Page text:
1/2 cup cooked: 111 calories, 20g carbs, 2.5g fiber
A complete protein, quinoa contains all nine essential amino acids—which your body needs to build lean, calorie-burning muscle—sans the saturated fats often found in animal protein. The four grams per half-cup serving may also help your lunch or dinner stay with you longer.

Going Organic in Denmark

Uncategorized | December 7, 2013 | By

Interesting facts, now that i am here:

Denmark has the highest market share of organic products in the world. And the market is growing, with dairy products, eggs, oatmeal, wheat flour and carrots as the most popular items on the shopping list of Danish organic consumers.

An increasing number of organic products are sold in Denmark. Proportionally, the organic market in Denmark is the biggest in the world, with organic food making up 8 percent of the total food market…Love it!
The Danes prefer organic dairy products, eggs, oatmeal, wheat flour and carrots. One in three litres of milk bought by Danish consumers is organic and every other litre of milk consumed by pupils in Danish schools carries the organic label. The production of organic eggs accounts for 17 percent of total egg production. Also consumers’ appetite for organic fruit and vegetables has grown; organic fruit and vegetables have increased their share of the total food consumption from 19 percent in 2006 to 23 percent in 2010.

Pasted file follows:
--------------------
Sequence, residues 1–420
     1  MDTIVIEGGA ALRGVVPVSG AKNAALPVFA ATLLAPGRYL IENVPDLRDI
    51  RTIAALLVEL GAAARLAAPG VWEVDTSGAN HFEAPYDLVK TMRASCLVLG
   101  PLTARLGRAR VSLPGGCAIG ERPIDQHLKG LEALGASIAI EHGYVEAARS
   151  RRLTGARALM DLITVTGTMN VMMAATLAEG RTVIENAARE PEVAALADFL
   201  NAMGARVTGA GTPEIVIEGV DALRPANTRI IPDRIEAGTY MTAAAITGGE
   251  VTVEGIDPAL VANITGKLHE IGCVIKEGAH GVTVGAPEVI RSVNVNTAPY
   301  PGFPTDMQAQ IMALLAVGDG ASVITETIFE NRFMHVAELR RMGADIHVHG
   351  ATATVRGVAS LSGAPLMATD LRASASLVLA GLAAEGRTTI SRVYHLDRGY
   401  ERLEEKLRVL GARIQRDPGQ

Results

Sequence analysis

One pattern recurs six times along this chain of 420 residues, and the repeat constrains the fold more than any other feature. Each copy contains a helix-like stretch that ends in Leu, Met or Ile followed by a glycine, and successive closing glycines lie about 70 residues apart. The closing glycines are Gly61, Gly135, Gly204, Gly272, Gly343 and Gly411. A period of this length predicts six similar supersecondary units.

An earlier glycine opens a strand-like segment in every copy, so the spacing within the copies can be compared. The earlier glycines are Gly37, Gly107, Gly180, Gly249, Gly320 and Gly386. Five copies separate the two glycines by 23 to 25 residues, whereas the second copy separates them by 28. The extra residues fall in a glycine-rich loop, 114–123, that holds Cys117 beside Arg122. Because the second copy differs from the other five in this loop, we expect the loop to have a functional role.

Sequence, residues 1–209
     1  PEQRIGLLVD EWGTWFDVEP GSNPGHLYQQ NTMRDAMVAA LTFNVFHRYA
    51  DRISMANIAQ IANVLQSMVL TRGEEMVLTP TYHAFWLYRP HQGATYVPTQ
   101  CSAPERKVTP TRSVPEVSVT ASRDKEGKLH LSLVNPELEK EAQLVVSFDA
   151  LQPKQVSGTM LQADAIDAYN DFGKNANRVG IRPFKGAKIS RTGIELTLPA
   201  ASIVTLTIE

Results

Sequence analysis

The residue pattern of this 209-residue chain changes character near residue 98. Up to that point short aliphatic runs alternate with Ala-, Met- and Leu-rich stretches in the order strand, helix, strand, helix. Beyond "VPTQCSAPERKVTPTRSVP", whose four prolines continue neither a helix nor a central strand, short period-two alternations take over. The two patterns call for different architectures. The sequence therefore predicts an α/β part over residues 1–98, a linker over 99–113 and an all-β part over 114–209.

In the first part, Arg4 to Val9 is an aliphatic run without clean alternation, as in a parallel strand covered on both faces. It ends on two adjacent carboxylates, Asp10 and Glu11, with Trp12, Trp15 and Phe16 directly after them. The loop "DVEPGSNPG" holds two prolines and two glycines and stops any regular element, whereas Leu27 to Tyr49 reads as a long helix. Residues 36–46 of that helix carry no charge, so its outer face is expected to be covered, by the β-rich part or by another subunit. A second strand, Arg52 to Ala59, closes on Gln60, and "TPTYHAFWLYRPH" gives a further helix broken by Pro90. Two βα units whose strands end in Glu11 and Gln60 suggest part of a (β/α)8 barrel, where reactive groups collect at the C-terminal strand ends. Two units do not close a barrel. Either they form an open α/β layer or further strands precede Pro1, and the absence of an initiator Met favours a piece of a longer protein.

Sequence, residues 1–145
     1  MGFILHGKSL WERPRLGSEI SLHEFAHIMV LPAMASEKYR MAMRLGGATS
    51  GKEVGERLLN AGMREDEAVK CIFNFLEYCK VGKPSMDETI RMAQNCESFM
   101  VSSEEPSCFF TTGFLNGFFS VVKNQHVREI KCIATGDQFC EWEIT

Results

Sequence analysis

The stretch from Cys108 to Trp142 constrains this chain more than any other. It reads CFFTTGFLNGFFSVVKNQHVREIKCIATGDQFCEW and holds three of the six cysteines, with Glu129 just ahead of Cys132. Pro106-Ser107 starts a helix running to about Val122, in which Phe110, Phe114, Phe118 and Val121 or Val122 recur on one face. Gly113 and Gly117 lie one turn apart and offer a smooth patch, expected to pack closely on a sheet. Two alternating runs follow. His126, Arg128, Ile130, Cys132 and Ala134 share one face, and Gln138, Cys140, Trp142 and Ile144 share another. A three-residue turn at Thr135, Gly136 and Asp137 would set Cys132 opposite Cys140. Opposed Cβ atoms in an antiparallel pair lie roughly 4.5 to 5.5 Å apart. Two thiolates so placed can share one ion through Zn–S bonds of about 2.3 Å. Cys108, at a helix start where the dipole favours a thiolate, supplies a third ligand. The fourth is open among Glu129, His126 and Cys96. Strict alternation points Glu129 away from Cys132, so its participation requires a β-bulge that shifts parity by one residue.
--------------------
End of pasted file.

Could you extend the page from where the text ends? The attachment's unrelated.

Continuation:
Quality, purity and ethics are key elements in the New Nordic Cuisine.
No wonder is so tasty, fresh, light and healthy!

Food and gastronomy begins with the landscape. 
Out of Denmark’s fertile soil and rough weather, Danes have developed a taste for simplicity, tempered by inspiration from the more refined cuisines of milder climates. Long winters and a taste for seafaring made way for various methods of preservation – salting, smoking or pickling – as well as a preference for the coarse black bread made of rye. Today, the open rye bread sandwich with fresh butter and pickled herring remains a cornerstone of the Danish lunch tradition. (Still can’t have a relationship with herring).

Until recently, many local ingredients from the Nordic tradition of cooking were dismissed as being unworthy of the attention of leading chefs. This all changed, however, when a new generation of ambitious chefs reinvented the concept of Nordic terroir and embarked on a journey of rediscovery of herbs, berries, root vegetables etc. These products have come to symbolise the commitment to quality, purity and ethics which is the basis for the New Nordic Cuisine movement.